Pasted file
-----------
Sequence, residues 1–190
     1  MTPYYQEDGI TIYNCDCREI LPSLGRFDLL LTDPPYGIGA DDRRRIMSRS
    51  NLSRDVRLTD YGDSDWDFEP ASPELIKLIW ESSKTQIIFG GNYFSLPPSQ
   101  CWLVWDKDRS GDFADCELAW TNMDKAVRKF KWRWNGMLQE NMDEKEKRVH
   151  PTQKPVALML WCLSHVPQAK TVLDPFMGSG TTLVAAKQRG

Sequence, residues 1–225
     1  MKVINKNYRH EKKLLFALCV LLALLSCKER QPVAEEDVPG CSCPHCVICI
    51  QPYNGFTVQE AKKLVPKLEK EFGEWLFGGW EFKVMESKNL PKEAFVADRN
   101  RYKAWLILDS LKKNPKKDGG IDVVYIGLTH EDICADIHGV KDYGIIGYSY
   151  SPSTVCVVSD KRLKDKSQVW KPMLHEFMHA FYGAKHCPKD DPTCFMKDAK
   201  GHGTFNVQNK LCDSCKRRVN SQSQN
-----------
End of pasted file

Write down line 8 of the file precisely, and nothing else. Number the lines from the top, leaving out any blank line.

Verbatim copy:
    51  QPYNGFTVQE AKKLVPKLEK EFGEWLFGGW EFKVMESKNL PKEAFVADRN